Adapt and Adjust

Don’t be that person who is the first to complain about a situation and the last to do something about it. We are going to encounter so many more challenges in our lives, both big and small, and the ability to adapt and adjust will be a lesson we use forever. Having the strength and grit to pivot and find ways to thrive during adversity are attributes that I believe are fortified during a crisis or negative situation.

The strategies and positive approaches you learn to implement during strife will pay huge dividends further down the road, whereas allowing the situation to consume you coupled with a negative mindset will lead to greater hardships even from smaller issues. Staying positive and taking time to think about how to adapt is how you learn to take on anything that may stand in your way. Taking action right away and not sitting on your hands waiting for something or someone to bail you out can be hard at times, but will be the only sure way to make it through and be a better version of yourself.    

School Is Always in Session

Last lesson: school is always in session, kids. Lessons can be found in any situation, and it will be those lessons that will serve you the rest of your life in great times and crisis. We will get through this; but “will you be new and improved because of it?” is the question. We will all need to learn a new way of living, at least for a little while. Find those lessons that are waiting for you and be a lifelong learner.

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This blog was written by Tony Maloney, ACSM Certified Exercise Physiologist and Fitness Center Manager. To find out more about the NIFS bloggers, click here. 

Topics: exercise at home attitude technology mindset social media quarantine covid-19 lockdown work at home personal growth

Putting Yourself First: Healthy Habits for the Pandemic (Part 1 of 2)

GettyImages-1024725422There are no definitive right answers on how we are supposed to individually succeed during a pandemic. We all cope, struggle, and win the day in our own ways. We can all feel a little lost and confused at times, and that’s completely normal as we cross bridges into territory we have never experienced in our lives.

This idea makes you wonder, “am I doing this right” and “what should I be doing?” It’s not easy to answer because we are challenged in new ways daily. Sometimes it’s as simple as being motivated to wake up in the morning at your normal time, and other times it’s making sure that all your work is getting completed. Each person has their own daily cup, and filling this cup with what makes the most sense with both work and personal life fulfillment is what should be expected of all of us. This is a form of “putting yourself first.”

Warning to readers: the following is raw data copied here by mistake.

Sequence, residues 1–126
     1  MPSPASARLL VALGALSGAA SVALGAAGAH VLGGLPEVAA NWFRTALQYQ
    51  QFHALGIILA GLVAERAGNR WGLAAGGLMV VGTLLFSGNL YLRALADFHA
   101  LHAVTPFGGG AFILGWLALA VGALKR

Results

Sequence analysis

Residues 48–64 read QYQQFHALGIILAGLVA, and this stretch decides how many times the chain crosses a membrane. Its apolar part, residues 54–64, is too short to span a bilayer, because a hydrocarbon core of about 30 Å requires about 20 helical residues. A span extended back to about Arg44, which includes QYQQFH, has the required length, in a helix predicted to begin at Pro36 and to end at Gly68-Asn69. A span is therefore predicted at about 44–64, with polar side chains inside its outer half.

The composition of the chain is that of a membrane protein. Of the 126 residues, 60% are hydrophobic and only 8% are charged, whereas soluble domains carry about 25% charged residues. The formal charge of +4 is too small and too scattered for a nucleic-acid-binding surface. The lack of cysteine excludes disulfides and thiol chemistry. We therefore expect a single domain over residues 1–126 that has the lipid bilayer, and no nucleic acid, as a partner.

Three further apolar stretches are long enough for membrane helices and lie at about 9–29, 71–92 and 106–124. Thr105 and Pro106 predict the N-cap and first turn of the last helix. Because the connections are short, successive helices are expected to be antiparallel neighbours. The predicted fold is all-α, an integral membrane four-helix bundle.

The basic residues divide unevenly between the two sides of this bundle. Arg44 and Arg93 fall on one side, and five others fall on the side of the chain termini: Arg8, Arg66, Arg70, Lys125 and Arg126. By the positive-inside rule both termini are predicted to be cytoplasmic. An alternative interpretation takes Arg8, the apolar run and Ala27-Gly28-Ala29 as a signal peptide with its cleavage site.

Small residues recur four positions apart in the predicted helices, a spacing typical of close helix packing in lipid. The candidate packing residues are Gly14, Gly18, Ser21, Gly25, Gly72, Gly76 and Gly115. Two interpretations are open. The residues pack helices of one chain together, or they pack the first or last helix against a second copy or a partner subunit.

In this two-part blog, I cover several topics and ideas that will help you in making better, more healthful decisions.

Keep to a Routine and Manage Your Setup

During this extended home lockdown, we tend to find ourselves with a lot of time on our hands. Work-from-home is being done from makeshift offices, and sometimes we are cutting corners here and there. One area where we can focus our energy for the good is our daily routines. Your daily routine of getting up for the day, eating meals, and exercise should mimic your normal daily routines; however, having your living space and workspace together can be a challenge. Find ways to allow your house to multitask with you. Have a place where you do your work, but also places where you can escape to rest, recover, and breathe.

Lawrence Biscontini, a world-renowned award-winning fitness professional, uses the following acronym to describe how you can promote self-care at your residence.

  • H—Your Hearth: This is where you find rest and recovery and refill your energy. Your bedroom sanctuary, free from all distraction and full of purposeful R and R.
  • O—Your Outside: How you connect with others and communicate.
  • M—Your Mission Control: Your home office and workstation, a place dedicated to getting your work completed. Your workspace is professional.
  • E—Eat: Refueling the body with nutritious food, free of social and outside distraction.

Get Better Sleep

The next topic, which is well documented and researched, is sleep habits and how to get better, healthier rest. In past NIFS blog posts by Cara Hartman, Hannah Peters, and several others, we see that sleep is extremely important and seemingly simple to master. However, with all the distractions that can come from lockdown (not to mention our insatiable love for technology), we find it tougher and tougher to get exactly what we need every day. Check out Cara’s blog on sleep habits, explaining what gets you to that bedtime in no time.

Keep Your Cup Full

Focusing on yourself is important. Your daily cup needs to be full enough so that you can do your job, help others, and enjoy life. In part 2 of this blog, I continue and conclude this discussion. Remember, take it one day at a time, taking care of yourself as a priority. Finally, when it comes time to meet again, NIFS and NIFS staff will be ready (we hope you are too!). Take care, and muscleheads rejoice and evolve.

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This blog was written by Thomas Livengood, NIFS Health Fitness Instructor and Personal Trainer. To learn more about the NIFS bloggers, click here.

Topics: healthy habits Thomas' Corner sleep self-care quarantine lockdown work at home pandemic